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Review: Phoenix Embrace Mellow Seventies Sunshine on ‘Ti Amo’

Our take on the sophisticated retro-rock of the French band’s sixth LP

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'Ti Ami' is the sixth album from Phoenix.

Emma Le Doyen

The biggest and best French rock band ever has proved that you can still go pop on the strength of cagey songcraft and retro-rock sophistication. “Champagne or prosecco?” frontman Thomas Mars offers over a New Wave mirror-ball glide on the title track of their sixth LP, before dropping references to the Buzzcocks, soft rock and that venerable old-school smoothie Beethoven.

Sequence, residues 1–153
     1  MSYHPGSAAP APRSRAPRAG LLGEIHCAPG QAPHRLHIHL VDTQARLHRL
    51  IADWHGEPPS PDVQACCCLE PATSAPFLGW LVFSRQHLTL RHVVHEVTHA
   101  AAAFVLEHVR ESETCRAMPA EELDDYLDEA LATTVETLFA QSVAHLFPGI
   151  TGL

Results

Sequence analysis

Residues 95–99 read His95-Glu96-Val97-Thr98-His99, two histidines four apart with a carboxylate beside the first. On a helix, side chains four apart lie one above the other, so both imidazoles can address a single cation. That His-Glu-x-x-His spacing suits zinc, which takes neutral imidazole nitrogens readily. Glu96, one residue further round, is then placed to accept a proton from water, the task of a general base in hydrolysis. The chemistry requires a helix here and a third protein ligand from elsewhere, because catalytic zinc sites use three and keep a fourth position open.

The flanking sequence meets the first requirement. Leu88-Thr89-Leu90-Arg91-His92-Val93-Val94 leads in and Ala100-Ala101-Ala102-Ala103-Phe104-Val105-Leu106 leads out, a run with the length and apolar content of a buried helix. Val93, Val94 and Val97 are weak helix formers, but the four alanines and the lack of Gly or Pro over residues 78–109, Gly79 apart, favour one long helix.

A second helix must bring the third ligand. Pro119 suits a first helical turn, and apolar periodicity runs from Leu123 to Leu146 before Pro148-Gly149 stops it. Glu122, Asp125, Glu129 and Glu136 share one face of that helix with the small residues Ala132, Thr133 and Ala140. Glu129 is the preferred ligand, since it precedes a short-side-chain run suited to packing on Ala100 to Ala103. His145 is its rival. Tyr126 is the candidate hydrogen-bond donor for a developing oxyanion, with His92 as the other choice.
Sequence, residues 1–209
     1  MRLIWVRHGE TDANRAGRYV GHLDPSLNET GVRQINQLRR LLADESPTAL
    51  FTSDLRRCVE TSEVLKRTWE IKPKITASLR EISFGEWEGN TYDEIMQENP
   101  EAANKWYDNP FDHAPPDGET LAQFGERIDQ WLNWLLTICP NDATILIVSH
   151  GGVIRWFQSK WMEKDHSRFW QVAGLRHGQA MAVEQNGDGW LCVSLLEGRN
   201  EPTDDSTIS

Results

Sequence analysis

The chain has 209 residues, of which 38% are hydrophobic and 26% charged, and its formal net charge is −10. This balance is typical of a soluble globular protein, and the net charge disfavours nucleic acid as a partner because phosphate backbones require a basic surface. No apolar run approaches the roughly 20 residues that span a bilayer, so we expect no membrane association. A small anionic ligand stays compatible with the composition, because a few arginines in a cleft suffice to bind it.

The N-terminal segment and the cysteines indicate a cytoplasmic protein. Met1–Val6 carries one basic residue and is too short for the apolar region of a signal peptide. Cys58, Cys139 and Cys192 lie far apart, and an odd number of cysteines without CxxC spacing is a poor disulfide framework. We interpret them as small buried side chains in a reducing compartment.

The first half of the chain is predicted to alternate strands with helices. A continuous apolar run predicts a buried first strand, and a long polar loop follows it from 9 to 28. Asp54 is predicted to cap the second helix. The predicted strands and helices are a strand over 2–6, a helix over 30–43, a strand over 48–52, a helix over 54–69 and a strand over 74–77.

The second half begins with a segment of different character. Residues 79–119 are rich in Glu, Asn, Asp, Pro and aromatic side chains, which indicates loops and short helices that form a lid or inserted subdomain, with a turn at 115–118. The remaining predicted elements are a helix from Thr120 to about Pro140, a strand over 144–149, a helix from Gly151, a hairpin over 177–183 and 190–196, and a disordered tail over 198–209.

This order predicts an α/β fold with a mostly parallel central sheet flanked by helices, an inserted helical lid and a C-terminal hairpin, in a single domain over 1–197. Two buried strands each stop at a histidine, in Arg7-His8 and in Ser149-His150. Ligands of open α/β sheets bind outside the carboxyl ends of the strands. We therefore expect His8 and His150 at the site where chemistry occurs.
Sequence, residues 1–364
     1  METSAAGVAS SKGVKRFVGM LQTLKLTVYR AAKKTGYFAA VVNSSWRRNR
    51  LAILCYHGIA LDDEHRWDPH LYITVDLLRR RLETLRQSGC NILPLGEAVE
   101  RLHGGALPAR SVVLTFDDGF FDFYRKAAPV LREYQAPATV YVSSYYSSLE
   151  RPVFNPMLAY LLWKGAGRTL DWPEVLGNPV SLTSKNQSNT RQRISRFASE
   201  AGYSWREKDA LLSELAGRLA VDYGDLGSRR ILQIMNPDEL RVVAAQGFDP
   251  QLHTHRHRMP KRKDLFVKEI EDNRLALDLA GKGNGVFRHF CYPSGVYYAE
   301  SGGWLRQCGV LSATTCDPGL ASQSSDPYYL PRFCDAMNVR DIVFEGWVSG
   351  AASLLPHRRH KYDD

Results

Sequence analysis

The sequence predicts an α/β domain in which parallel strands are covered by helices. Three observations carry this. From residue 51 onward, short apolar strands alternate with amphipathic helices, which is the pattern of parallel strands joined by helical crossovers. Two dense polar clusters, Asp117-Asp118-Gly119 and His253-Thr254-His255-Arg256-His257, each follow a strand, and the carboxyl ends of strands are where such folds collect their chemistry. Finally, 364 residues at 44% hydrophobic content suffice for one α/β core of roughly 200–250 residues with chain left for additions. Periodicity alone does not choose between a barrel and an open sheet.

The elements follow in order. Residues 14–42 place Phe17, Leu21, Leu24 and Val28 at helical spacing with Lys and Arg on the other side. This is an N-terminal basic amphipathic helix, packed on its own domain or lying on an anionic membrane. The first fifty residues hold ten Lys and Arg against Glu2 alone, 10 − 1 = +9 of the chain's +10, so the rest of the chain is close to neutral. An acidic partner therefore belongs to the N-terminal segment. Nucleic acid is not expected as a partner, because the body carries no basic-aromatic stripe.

Phoenix’s
2013 LP Bankrupt! seemed to pull back a bit from the
spit-polished bounce of their wondrous surprise hits “1901” and “Lisztomania.”
This time out, they’re heavy into mellow Seventies sunshine, with major
ELO/10cc/Steely Dan overtones. “J-Boy” is posh, pouty disco kicks
impacted with lyrics about lovers like “kamikazes in a hopeless
world.” And “Fior Di Latte” is sad-hearted yacht-soul splendor.
Phoenix are at their most fun when they’re writing in the margins of pop
history: The glowing electro ballad “Lovelife” is the AM radio smash
Kraftwerk never had, while “Telefono” suggests the Doobie Brothers as
indie-pop Continentals. Even when you can’t tell what Mars is singing about
(which is a lot), the music radiates a suave majesty that feels universal. 

In This Article: Phoenix

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